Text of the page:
As for the components themselves, we are pleased to report that Gryphon Games has produced another solid game. The game board, while perhaps a shade minimalist in character, is both attractive and functional. The building cards have been printed on good, durable card stock with a nice linen finish; they shuffle easily and should stand up well to repeated play. The plastic flags which will be used to stake claims on the lunar surface are nothing special, but they work just fine. The plastic gems that represent minerals are of a reasonable size, and we were particularly appreciative of the inclusion of a drawstring bag from which to draw said gems. As many of you know, a good drawstring bag is worth its weight in gold. We are suckers for over-produced game components (our favourite being the leather dice cup in Stone Age – totally superfluous, but wonderful all the same) and Gryphon Games hit a high note here by including an oversized (and completely over-the-top) clear gem to serve as a round marker – it’s ridiculous but fantastic for exactly that reason! Let's just show you the components, so you can share somewhat in the new-game high.
Let’s be honest: how many of you out there would agree that games are often made or broken by their rulebooks? When it’s done right, even heavier games can be rendered appealing and approachable. But when “rules go bad”, so to speak, otherwise good games can find themselves relegated to the bottom of the infamous “I’m gonna get to that game someday” pile. The good news is that this is one of those pleasant games where the rule book has been well produced. The six page rule book is well laid out, clearly written, logically organized and enough examples are provided to make game play clear. As such, this is a game that we found to be straightforward to both learn and to teach.
The board is a solid mounted product, and the chief feature is the moon Charon, divided into the different areas where gems/resources will be mined.
On the left of the board is the "Action" area, detailing special actions that players can become eligible to use - we'll explain this later.
The flags need to be assembled (which is a cinch), and come in five different colours, seven of each.
You'll use these to stake your claim for gems/resources on Charon. Oddly enough, they add to the thematic flavour of the game, and even though the theme is arguably thin, using flags to stake your claims gives meaning to the majority area control mechanic, and makes the mechanics more understandable to a family audience or even non-gamers.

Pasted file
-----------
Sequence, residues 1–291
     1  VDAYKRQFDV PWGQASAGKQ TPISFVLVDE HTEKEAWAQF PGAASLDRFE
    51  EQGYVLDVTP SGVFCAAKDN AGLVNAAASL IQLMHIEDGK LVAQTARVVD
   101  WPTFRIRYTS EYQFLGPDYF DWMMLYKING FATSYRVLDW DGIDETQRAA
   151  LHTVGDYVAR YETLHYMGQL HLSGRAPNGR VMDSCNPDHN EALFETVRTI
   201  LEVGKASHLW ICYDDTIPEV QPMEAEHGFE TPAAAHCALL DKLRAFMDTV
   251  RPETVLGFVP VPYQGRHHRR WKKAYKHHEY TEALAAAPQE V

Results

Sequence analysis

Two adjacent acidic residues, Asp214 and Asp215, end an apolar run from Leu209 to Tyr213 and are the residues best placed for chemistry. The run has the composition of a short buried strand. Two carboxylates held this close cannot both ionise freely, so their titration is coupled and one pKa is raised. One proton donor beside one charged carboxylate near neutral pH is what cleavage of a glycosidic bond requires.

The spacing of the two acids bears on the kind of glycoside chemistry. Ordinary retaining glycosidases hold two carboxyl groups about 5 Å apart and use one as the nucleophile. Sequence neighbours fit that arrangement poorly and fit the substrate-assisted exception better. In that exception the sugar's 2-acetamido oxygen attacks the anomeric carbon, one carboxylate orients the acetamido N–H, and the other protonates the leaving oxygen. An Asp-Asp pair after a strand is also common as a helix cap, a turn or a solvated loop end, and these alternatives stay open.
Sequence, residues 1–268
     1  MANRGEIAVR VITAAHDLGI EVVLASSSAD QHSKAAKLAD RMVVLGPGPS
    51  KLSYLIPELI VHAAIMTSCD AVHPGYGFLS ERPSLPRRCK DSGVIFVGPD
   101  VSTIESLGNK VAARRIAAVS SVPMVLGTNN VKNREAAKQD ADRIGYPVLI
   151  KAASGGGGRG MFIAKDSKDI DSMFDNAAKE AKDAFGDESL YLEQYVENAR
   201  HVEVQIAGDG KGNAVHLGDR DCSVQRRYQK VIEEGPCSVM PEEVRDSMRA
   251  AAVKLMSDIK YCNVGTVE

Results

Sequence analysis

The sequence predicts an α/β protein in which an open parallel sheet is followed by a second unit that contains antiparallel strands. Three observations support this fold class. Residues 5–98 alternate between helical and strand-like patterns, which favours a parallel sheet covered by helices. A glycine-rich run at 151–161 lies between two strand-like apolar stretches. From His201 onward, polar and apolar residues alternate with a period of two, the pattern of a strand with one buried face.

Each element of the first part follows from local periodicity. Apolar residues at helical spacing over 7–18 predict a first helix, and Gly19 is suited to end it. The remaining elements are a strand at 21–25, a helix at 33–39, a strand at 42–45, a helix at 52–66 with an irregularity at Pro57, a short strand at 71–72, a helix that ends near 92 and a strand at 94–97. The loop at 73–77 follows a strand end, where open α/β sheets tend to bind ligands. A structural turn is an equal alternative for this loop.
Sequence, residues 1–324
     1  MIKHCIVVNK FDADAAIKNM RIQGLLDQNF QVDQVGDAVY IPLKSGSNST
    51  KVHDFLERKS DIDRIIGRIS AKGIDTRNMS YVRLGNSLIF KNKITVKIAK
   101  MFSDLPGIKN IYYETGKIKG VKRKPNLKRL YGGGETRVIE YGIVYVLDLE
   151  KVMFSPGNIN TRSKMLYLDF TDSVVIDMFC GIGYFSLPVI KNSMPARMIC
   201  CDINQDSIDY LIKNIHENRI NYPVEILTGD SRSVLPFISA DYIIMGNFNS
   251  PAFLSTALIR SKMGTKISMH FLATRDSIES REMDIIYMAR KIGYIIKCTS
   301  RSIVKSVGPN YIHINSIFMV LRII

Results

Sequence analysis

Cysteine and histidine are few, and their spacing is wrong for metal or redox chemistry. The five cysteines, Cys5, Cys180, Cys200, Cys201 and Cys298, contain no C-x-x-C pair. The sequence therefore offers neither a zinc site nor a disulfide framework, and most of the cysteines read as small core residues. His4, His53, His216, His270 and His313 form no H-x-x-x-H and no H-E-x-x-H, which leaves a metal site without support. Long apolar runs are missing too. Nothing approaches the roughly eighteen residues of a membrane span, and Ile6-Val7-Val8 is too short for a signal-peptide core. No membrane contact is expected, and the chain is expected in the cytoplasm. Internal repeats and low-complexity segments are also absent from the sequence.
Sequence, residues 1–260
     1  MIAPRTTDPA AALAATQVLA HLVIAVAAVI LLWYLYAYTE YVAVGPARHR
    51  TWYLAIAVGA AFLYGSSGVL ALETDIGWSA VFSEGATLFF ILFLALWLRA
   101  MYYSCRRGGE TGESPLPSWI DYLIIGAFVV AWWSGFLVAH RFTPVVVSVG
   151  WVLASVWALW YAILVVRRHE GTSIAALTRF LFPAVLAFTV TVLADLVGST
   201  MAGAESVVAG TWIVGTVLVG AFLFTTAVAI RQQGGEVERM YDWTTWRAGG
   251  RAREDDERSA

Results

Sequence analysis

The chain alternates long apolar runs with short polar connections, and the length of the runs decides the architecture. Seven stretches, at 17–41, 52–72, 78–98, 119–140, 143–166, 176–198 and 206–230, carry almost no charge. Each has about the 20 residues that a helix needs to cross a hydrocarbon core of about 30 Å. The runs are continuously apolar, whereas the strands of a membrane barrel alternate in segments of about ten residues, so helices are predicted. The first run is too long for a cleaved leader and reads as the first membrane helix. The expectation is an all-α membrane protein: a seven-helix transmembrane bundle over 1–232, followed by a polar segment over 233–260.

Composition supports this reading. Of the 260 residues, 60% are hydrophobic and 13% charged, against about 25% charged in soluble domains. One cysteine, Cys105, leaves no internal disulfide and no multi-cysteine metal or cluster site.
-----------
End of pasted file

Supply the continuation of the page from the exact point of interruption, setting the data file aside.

Did we say gems? Oh yes, my friends, Gollum would LOVE this game! My precious!!! Look at that Pile-O-Precious!
Bright, shiny, gems! They come in five different colours, representing the five different types of resources that can be mined on Charon. The six clear coloured gems are `wild', and can be used for any of the resources. There's also a cloth bag to help with some of the randomizing of gems that needs to happen at the start of each round.
Finally, there's a `mega' gem which is used to keep track of the four rounds. I like this kind of unnecessary overproduction and `bling' value!
You use the gems to make buildings that will score you points, and the each of the 55 cards represents a building.
The cards are numbered 2 through 12, and represent different value buildings that require different combinations of gems to build them. There's five of each building, each requiring a different set of gems to be built. Here's a sample of the different building types:
Overall, this was a job well done in the production department. Our only real complaint is that the game could have benefited from some player aids summarizing the different phases of the game, or perhaps have included this information on the board and integrated it with the relevant special actions. Aside from that small detail, the components get a thumbs up.
Another positive characteristic about Charon is that it sets up quickly and easily. Lay out the board and distribute seven flags of the same colour to each player. Randomly determine a starting player and place a flag from each player in the box which indicates turn order, and one flag from all players in each action area. Separate the gems by colour and set them in piles at the side of the board, but place the six clear gems in the action box marked “Rare Mineral Find”. Now, depending on the number of players, throw the required number of gems into the drawstring bag and then seed the board with randomly drawn gems from said bag. Next, fill up the remaining “mining holes” with gems (drawn from the stock this time) matching the colour of the gems you just placed in each region.
Remove all of the 12VP buildings from the deck of cards and place them at the side of the board as well. Deal two random cards, face down, on top of the stack of 12VP buildings – this will provide you with an initial discard pile. Then deal three cards to each player. Each player then secretly selects a card from their hand that will be simultaneously revealed and placed in a common `building' row in front of the board.
You are now ready to play! As you can see from the picture below, illustrating a set-up for four players, Charon looks good on the table!
Flow of Play